Readers' Letters: Gender agenda is confusing young people

Driven by the far-left Greens, the Scottish Government is looking to bring in a gender-neutral uniform policy.

The drive to eliminate all gender distinctions is intended to help all pupils feel comfortable regardless of their “gender identity” or “gender expression”.

So, how's it going? Are we seeing a fall in the numbers of pupils experiencing gender confusion as “gender stereotypes” are broken down? No. Exactly the opposite. The more gender boundaries are blurred, the more gender confusion among young people. And that's a serious issue, as the consequences of gender confusion on well-being are wholly negative.

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Sex-specific school uniforms can help affirm a pupil's true identity and steer them away from the dangers of gender experimentation. In addition, the government's intention is to flatten distinctive uniforms by enforcing a bland casual dress code. That will be the end of the colourful array of blazers, ties and kilts that currently lend a sense of pride and distinctiveness to many of Scotland's best schools.

Classy kilts at the Queen Victoria School, Dunblane, Perthshire, in 1931. (Picture: Fox Photos/Getty Images)

Understandably, independent schools are raising a chorus of opposition to proposals, but where were they when the host of other disastrous education policies were being introduced? Sadly, the impression given is that most independent schools are more concerned about their image than in fundamental educational questions.

Richard Lucas, Scottish Family Party, Glasgow

School report

I was disappointed to learn that the standards in Scottish schools, according to official reports, are lower now than in the past when there was almost no rapport between teacher and pupil and lessons were drummed into the pupil.

However, currently, the records indicate standards in the primary sector were higher when I was a boy over 70 years ago and now the attainment gap seems to be growing. There appears to be an increasing ratio of pupils who require inordinate attention from the teacher to the detriment of the rest of the class.

I have also been told by professionals in and around teaching that the policy of Inclusion is significantly underfunded and so children with additional support needs are being neglected in mainstream education. They are not being provided with the resources they need and there's not enough staff to support them to learn. This negatively impacts achievement and attainment across classes because teachers are far too stretched to meet the needs of all children without appropriate training, resources and support staff.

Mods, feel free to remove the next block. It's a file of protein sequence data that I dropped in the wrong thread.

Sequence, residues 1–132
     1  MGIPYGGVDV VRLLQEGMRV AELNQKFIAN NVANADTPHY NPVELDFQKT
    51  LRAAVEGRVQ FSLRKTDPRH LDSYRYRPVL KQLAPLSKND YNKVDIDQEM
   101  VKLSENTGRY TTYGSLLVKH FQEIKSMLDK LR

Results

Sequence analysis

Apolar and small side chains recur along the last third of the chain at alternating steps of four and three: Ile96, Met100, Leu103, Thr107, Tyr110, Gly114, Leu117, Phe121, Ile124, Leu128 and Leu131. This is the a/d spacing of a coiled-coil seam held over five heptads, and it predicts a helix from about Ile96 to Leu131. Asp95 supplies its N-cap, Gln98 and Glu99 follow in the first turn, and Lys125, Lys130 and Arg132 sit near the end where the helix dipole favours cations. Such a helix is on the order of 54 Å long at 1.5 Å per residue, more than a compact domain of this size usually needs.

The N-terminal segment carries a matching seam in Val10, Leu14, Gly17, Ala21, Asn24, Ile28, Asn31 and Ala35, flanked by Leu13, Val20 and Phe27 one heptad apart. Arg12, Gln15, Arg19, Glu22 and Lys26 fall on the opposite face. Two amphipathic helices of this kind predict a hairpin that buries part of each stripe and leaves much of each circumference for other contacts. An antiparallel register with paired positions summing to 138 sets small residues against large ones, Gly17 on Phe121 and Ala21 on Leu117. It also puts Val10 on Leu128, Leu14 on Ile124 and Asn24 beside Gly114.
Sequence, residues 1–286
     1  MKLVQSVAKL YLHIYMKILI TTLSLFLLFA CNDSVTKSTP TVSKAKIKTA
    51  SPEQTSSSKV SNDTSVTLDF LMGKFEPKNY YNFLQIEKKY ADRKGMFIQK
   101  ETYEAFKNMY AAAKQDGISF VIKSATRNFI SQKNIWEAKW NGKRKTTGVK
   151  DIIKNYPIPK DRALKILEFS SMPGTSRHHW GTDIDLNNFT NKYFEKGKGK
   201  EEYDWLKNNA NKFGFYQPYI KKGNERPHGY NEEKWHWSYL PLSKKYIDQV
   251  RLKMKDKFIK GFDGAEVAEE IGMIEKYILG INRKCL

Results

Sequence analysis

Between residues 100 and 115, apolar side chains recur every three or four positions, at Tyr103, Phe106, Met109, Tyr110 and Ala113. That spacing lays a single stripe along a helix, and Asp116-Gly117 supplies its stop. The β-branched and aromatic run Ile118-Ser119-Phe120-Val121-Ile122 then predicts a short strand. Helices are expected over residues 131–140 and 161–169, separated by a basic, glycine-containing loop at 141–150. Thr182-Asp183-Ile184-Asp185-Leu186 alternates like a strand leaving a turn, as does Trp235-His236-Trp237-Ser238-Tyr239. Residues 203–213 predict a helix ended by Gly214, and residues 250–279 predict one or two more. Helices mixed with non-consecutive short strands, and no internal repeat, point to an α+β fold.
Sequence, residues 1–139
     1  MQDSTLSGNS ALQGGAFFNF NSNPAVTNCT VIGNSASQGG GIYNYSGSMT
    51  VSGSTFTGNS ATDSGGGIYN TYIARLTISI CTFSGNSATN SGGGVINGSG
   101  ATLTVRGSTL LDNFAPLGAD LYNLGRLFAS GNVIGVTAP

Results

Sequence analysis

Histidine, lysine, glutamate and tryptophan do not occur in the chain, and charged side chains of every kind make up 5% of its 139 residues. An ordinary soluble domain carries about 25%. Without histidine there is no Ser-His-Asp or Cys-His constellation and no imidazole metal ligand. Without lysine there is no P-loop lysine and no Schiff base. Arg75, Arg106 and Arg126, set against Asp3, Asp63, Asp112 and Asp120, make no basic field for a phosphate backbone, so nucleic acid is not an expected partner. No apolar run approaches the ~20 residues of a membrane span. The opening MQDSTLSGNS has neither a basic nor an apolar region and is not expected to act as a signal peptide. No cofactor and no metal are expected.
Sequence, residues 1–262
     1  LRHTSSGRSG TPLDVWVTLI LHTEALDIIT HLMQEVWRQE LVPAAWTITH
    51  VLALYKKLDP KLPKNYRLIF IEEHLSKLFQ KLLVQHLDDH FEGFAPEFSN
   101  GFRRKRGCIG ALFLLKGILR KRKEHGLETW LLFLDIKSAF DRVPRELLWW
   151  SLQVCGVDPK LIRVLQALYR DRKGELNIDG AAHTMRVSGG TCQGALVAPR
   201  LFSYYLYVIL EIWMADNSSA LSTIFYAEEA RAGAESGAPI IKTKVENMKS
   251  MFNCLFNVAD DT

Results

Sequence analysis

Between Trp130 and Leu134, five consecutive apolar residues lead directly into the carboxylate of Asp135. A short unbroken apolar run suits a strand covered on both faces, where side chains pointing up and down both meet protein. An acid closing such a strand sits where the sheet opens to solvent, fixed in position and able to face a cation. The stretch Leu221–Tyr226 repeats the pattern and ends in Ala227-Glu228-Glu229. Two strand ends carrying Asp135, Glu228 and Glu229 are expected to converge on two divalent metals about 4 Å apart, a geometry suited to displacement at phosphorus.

What’s more, schools require access to services such as Child and Adolescent Mental Health Services (CAMHS). However they are facing waiting lists of several years. Often children do not receive support until they are in secondary school – it tends to be only extreme cases that are seen by these agencies. Consequently, problems are escalating, behaviour is becoming more challenging. Early intervention and support would result in improved overall outcomes for pupils.

Vincent McCann, Edinburgh

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sums

It becomes even more incomprehensible just how this SNP Government retains the support of a large section of voters. One can only assume that their single issue focus on independence and their disregard for sheer incompetence, ineptitude and arrogance blinds them to the real issues. The shambles that is the ScotRail network (brought into public ownership just seven weeks ago!) is now added to the disgraceful list of policy failures across all aspect of public services affecting the lives of all voters.

The ferries fiasco, BiFab, Prestwick Airport, the dropping of the target to close the education attainment gap, the NHS on its knees and waiting times off the scale seems not to matter one jot to the independence supporters – all will be well when we can demonstrate such utter incompetency as an independent nation.

I would urge such supporters just to do a few sums as to the astronomical costs of these failures and think how this money could have been spent in all areas of Scottish public life, including help during this cost of living crisis. This grubby, secretive and controlling SNP Government surely cannot stretch credibility any further?

Richard Allison, Edinburgh

Transport travails

“In our experience, passengers want certainty when they travel”. These were the words of SNP’s Transport Minister Jenny Gilruth in a recent television interview. Yet under the SNP’s obsessive desire to control, nationalise and centralise everything, we now have exactly that. Train services being cut, ferry services in turmoil and we have an airport without planes or passengers.